The Atlantic City Police Department has made dramatic and measurable progress the past five years in reducing crime and the use of force by its officers. Its recent report on last year continues the very positive trend.

Now what’s needed is for the perceptions of the media and public to catch up.

The turnaround is well-known locally. We noticed and praised its early days, after new Police Chief Henry White in 2013 started implementing many reforms, including a new Division of Professional Standards, widespread use of police cameras, an outside Internal Affairs hearing officer, and better oversight of off-duty security work by officers.

Violent crime dropped 29 percent from then to the 425 cases in 2017, which includes homicide, rape, aggravated and simple assault, and robbery. Non-violent or property crimes — auto theft, larceny and burglary — fell more, 41 percent to 1,732 cases.

The numbers for 2018 released recently showed violent crime in Atlantic City declined another 30 percent, and property crimes nearly 32 percent. All forms of violent crime declined sharply except rape, with 33 reported incidents topping the 22 in 2017. We hope that’s due to a growing willingness of victims to report the crime and of the justice system to pursue such complaints vigorously.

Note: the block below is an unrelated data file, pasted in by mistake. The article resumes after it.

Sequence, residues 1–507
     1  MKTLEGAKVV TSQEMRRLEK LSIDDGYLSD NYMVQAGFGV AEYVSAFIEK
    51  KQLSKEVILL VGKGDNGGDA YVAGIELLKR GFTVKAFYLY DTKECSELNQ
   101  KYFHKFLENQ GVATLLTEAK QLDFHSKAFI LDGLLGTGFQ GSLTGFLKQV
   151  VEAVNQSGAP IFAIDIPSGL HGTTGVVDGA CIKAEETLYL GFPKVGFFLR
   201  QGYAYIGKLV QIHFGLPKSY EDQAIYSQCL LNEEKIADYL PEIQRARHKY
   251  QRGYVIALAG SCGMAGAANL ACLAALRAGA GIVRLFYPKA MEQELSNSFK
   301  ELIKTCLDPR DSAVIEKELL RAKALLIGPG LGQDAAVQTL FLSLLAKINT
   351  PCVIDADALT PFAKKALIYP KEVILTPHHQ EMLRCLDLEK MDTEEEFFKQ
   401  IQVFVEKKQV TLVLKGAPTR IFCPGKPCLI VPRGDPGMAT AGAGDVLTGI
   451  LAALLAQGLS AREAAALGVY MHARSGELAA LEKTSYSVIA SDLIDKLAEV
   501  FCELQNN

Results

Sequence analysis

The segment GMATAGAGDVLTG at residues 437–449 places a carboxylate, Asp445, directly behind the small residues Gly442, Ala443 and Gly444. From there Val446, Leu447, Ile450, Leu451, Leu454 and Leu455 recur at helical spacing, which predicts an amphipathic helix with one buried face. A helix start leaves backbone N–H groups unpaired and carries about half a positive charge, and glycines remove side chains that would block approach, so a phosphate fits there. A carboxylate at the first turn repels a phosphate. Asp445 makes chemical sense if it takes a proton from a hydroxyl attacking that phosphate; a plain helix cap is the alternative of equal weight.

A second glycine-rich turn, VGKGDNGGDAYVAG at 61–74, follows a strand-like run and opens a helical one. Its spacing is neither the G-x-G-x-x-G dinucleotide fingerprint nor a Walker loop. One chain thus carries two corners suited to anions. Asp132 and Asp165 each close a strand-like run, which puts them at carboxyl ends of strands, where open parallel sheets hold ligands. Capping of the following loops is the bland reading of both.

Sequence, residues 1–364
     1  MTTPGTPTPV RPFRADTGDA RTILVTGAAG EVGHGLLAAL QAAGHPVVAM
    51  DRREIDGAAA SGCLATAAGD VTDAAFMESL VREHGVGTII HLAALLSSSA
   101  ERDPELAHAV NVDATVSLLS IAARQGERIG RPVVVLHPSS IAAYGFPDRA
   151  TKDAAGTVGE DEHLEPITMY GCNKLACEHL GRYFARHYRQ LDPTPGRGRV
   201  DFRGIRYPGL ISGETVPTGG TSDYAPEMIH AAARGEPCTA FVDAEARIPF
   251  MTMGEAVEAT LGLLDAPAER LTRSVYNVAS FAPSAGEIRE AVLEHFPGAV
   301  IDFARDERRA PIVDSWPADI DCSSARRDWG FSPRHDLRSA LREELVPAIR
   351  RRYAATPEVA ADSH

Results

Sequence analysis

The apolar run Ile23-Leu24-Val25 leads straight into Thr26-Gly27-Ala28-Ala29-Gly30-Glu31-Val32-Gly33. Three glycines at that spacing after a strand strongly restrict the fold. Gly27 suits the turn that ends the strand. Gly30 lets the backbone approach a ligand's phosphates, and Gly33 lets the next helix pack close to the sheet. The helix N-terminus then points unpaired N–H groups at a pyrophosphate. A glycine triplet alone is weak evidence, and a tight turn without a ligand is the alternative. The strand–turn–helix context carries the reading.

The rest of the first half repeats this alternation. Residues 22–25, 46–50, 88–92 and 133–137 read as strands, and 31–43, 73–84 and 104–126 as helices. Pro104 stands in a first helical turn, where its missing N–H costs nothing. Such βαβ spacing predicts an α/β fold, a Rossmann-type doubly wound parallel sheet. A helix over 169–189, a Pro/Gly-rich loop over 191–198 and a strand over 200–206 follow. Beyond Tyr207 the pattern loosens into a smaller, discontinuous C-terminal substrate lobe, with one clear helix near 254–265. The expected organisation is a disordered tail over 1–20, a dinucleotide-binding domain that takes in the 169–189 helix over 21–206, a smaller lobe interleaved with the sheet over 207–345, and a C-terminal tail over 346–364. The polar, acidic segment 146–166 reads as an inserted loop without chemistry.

Complaints of police use of excessive force remained much diminished. After averaging 60 a year before Chief White, they plunged 83 percent to about 10 a year. Last year there were nine.

The department is doing a good job where it counts most — in reality, on the street. Since Atlantic City is a tourist destination, though, how the public and the media see its crime and police also counts. While that too is improving, the change is slower and has farther to go.

At the end of February, for example, USA Today published a long report, “Cities where the violent crime rate is soaring in every state in the US.” Atlantic City used to get hammered in such stories, but not this time. The newspaper had to admit, “New Jersey is one of only a handful of states where no metro area with comparable data reported an increase in the incidence of violent crime from 2012 to 2017. … New Jersey is a far safer place than the U.S. as a whole.” This absence of a negative is a positive for the resort.

On the other hand, an otherwise impressive November report on police use of force by NJ Advance Media tarred Atlantic City with its high rate of incidents from 2012-14. Readers had to carefully examine a graphic to notice that the department’s use of force fell 60 percent by 2016.

Atlantic City police are doing a good job of putting their problems behind them. With each passing year, they recede further into the past and out of the memories and perceptions people have about the increasingly safe city.

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